Military reshuffle: Abbott's 'Operation Sovereign Borders'
The Coalition's "Operation Sovereign Borders" -- which aims to keep asylum seekers out -- sounds dramatic but will do little, besides establish a novel military system within the immigration portfolio.
The Coalition has today responded to Kevin Rudd’s PNG agreement on asylum seekers with its own announcement of “Operation Sovereign Borders”.
The dramatic-sounding announcement, by immigration spokesman Scott Morrison and Opposition Leader Tony Abbott, almost entirely relates to restructuring in Canberra, with a new three-star general appointed to lead a $10 million “taskforce” involving agencies already dealing with the asylum seeker issue.
Three-star generals are at the level of service chiefs; the Chief of the Defence Force, currently General David Hurley, is a four-star general. A new three-star general would thus effectively be the establishment of a new defence service, albeit with few resources beyond Canberra bureaucrats, and reporting directly to the immigration minister, rather than reporting to the Chief of the Defence Force.
This new military structure for immigration would mark a departure from existing Defence arrangements, in which service chiefs report to the Chief of the Defence Force, who reports to the defence minister as part of a “diarchy” structure with the secretary for defence.
The Coalition has committed, within 100 days of being elected, to:
Establish an “Operation Sovereign Borders” HQ and “Operation Sovereign Borders Joint Agency Taskforce”;
Finalise “protocols” for turning boats back “where it is safe to do so”;
Increase capacity at offshore processing centres (presumably beyond the increases already scheduled by the government; and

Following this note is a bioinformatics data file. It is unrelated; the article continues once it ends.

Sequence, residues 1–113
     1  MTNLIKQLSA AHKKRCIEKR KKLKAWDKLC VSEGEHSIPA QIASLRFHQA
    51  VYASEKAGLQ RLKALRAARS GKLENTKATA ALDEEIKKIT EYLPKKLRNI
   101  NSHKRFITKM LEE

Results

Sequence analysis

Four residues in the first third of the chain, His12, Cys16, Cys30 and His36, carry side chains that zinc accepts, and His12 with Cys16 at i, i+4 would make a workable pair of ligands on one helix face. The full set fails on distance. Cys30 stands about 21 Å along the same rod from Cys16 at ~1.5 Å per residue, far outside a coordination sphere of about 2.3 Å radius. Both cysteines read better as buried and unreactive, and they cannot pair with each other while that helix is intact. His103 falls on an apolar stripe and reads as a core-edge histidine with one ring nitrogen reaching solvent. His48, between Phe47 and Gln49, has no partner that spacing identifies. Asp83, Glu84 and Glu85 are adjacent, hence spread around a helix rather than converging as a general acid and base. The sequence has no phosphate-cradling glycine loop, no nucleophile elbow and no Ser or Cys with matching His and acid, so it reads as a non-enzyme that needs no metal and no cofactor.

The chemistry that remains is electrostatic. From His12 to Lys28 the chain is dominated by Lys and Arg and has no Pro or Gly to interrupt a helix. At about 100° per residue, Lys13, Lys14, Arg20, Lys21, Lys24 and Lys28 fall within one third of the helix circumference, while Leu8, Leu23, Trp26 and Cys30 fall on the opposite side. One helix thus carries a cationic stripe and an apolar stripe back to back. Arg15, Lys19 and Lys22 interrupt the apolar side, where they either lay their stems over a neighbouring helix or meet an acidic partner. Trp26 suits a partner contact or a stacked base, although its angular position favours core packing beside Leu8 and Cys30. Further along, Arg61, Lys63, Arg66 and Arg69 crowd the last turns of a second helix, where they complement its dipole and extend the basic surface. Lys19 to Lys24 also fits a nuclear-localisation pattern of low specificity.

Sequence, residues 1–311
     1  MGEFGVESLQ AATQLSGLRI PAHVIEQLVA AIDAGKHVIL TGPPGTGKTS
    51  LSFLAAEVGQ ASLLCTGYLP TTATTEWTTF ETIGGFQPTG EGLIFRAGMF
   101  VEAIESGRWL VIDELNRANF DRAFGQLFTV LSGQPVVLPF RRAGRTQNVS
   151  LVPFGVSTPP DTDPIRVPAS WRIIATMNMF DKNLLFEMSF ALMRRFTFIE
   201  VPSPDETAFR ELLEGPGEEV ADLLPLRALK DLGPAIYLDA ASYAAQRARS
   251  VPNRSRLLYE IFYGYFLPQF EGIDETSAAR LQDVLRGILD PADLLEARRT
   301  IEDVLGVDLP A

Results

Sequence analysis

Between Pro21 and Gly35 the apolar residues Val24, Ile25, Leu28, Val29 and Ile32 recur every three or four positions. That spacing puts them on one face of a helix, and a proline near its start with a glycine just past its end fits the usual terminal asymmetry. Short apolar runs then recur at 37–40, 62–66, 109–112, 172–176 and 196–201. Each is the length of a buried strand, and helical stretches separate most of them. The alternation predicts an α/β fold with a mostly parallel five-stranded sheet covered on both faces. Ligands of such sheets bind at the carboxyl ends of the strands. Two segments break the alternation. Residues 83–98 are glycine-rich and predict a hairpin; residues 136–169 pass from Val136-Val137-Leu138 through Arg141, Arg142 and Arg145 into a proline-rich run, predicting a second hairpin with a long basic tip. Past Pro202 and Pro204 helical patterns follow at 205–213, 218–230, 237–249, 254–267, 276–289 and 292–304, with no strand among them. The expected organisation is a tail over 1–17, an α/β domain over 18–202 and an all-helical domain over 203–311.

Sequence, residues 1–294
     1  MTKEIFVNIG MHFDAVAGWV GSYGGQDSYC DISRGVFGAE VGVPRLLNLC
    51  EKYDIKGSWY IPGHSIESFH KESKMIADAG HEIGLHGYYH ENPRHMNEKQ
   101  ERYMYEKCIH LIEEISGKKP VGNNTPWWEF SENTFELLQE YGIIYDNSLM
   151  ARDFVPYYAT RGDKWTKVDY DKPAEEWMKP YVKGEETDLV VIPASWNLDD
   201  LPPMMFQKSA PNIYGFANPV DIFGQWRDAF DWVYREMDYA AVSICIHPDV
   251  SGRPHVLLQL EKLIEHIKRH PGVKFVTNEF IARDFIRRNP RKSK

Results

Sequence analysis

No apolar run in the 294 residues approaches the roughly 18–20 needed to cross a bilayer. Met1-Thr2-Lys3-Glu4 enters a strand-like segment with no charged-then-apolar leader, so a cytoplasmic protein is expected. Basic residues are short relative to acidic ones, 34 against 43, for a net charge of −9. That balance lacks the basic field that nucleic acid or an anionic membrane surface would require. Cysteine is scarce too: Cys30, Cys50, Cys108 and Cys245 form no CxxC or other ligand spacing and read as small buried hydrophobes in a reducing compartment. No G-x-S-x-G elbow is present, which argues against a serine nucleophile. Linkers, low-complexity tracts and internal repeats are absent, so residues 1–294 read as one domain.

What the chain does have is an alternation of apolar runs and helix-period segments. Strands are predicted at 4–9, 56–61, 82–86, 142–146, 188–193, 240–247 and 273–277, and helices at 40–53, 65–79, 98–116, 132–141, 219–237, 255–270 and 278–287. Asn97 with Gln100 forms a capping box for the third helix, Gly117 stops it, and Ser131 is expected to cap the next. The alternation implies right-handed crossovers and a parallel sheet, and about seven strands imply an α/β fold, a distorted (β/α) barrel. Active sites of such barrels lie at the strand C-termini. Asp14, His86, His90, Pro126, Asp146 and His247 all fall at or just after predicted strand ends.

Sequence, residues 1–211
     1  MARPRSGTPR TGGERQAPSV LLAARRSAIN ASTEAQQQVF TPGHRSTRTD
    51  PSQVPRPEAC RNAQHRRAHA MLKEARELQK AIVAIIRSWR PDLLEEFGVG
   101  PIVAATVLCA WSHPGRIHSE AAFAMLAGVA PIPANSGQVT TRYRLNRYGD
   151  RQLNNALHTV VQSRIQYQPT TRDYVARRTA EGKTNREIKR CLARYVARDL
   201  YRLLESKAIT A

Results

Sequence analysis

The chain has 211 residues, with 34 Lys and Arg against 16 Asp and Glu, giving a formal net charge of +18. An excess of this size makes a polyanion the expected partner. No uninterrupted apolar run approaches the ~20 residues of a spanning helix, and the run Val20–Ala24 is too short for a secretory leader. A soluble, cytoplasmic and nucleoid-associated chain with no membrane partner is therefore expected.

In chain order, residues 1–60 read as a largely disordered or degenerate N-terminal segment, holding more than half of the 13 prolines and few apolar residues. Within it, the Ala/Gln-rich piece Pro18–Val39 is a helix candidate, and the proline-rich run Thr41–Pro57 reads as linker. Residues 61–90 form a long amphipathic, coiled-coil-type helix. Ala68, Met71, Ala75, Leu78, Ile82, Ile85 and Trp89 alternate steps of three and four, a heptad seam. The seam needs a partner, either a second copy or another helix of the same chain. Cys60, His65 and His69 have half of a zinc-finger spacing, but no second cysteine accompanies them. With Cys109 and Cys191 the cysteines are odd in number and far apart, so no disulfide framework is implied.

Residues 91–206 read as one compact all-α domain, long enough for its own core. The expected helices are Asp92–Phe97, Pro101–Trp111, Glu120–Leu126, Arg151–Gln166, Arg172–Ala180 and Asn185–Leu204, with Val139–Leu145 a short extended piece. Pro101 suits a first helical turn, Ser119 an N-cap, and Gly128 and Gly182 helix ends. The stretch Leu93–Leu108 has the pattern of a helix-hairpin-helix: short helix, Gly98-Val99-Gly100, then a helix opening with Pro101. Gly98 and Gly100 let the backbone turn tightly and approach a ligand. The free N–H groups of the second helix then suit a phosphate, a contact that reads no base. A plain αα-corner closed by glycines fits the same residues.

Lease vessels “to relieve patrol vessels of passenger transfers”.
Funding for the leasing of vessels appears to have been omitted from the $10 million costing, unless the Coalition plans to use small craft to replace the navy vessels currently used to intercept asylum seeker boats.
The Coalition provided an organisation chart for the taskforce (below). However, it is not clear who would control naval vessels charged with intercepting asylum seeker vessels — the Chief of the Defence Force and the Chief of Navy, reporting to the defence minister, or the new service chief, reporting to the immigration minister? According to the Coalition’s announcement, the Chief of the Defence Force will be asked to advise on a “command and control structure”. The taskforce also appears to replicate some of the functions of the Border Protection Command, which was established by the Howard government in 2005.
The Coalition announcement has the same cobbled-together, fix-it-later characteristics as Kevin Rudd’s PNG agreement announced last week (although at least the Coalition can claim it is in opposition). It has the clear intention of playing catch-up with Rudd’s dramatic declaration that no maritime arrival will ever be resettled here by offering a dramatic-sounding name and some reshuffling of the military brass to give the impression of significant change when the only significant change is a dramatic alteration of Australia’s well-established military chain-of-command. For the first time, a military service will be entirely responsible to a minister outside the Defence portfolio, and may even have control of military assets.
The establishment of a new service chief also raises the question of exactly what Australia’s defence force is failing to do at the moment that a new general would fix.
“The current multiplicity of agencies and reporting lines provides for conflicting strategies, disconnected systems, fractured accountability, inadequate information system, duplication, higher costs and turf wars,” the Coalition says. The new arrangements will send a message “to the people smugglers and their prospective passengers who must understand, from day one, that the rules have changed”.